20 April 2005

The Transactional Records Access Clearinghouse has been a great source of independent information on how government agencies are doing their jobs — looking behind the self-serving spin in the agency reports and doing their own analyses of the data.

For example, every time the IRS puts out a press release about how it’s getting tougher, auditing more people, and isn’t gonna be taken for a sucker no more no how, TRAC crunches the numbers and puts out its own release saying that as far as they can see, the IRS is the same paper tiger it’s been for years. (For example, see , and .)

The IRS, naturally, would like to figure out a way to get this pesky child to stop pointing out the nudity of the emperor. They think they’ve finally found the solution in that universal solvent of transparency in government — the War on Terror:

The Internal Revenue Service is illegally withholding information about its operations, claiming without substantiation that some of the unclassified information would compromise homeland security if released to the public, according to a federal lawsuit filed by the Public Citizen Litigation Group on behalf of open-government scholars.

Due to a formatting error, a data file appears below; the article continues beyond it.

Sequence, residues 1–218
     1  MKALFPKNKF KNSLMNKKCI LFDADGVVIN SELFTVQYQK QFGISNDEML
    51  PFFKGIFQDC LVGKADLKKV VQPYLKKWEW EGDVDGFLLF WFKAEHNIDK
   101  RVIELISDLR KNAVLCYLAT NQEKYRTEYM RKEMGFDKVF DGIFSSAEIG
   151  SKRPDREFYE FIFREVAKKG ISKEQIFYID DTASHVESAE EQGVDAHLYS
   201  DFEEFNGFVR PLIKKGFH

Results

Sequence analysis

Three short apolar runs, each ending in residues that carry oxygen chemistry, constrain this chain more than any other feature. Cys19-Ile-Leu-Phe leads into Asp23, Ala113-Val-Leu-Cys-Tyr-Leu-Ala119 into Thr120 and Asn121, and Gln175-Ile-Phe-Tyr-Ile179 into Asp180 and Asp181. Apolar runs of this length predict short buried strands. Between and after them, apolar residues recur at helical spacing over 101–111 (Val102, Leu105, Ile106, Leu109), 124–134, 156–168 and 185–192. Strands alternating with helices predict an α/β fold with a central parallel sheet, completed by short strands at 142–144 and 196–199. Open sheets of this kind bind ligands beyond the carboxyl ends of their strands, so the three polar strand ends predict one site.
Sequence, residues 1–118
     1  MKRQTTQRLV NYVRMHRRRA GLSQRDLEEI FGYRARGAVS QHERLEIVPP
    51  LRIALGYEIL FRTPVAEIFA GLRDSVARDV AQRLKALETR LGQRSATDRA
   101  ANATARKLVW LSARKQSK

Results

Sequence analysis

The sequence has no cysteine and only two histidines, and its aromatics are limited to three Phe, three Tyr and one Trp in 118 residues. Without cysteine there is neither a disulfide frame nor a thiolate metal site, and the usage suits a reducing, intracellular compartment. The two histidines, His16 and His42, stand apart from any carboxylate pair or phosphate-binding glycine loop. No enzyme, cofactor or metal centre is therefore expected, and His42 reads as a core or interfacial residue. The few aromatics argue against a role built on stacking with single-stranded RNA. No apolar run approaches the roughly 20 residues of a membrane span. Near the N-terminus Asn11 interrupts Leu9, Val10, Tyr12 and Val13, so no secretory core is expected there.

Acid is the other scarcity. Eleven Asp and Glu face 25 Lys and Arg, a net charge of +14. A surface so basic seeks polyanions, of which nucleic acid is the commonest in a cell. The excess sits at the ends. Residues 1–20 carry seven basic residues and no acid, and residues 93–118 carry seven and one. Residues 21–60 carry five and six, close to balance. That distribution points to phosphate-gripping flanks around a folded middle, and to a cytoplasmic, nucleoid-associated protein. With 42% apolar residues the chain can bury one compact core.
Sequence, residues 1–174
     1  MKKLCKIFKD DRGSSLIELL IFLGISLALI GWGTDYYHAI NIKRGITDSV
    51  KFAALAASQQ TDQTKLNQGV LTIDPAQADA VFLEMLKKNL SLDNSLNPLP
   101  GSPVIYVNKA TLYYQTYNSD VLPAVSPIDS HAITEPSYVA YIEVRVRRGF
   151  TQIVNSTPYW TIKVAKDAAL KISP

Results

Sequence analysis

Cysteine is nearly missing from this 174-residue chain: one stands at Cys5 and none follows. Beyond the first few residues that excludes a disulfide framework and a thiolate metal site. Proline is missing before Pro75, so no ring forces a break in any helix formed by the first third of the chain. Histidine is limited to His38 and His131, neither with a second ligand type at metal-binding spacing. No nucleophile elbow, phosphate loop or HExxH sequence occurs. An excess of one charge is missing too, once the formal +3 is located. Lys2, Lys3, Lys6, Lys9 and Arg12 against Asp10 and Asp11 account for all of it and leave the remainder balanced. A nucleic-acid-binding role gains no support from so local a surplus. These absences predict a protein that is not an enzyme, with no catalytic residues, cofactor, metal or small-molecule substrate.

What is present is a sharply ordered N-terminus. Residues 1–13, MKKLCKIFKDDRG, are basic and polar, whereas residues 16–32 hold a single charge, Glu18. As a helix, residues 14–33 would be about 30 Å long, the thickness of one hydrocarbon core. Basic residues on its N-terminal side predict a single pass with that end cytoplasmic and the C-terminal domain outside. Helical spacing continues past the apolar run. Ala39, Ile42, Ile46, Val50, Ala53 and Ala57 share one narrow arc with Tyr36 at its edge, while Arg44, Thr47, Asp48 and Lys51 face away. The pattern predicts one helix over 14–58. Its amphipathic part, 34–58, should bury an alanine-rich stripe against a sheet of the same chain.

The lawsuit is part of an ongoing effort by the Transactional Records Access Clearinghouse (TRAC) to obtain statistical information from the IRS about enforcement actions. Reversing 30 years of policy, the IRS under the Bush administration has stonewalled requests for public disclosure of such information.

Since it’s , there must be some way I can sneak a reference to marijuana on to The Picket Line. Well, thank you Milton Friedman! The quasi-libertarian economist gives with one hand and takes away with the other, circulating a petition endorsing a report on The Budgetary Implications of Marijuana Prohibition. The report suggests that among the benefits of eliminating marijuana prohibition would be a $7.7 billion decrease in government spending on the cruel and hopeless project — and, if the government decided to tax the wicked weed (and of course it would), they could pull in between $2.4 and $6.2 billion by doing so.

So after prohibition falls, kids, don’t neglect your home-growing skills. A tax stamp on your stash is bound to harsh your mellow.

Welcome to the team, Brenda Hillman: “dear friends, i have decided to go ahead with this rather unsexy form of civil disobedience. i am hoping you will join me or will spread the word, or that you will think of other forms of immediate protest. the national war tax resistance league has information about tax resistance on line. we must not get complacent even one little day while this goes on; we must not be good germans.”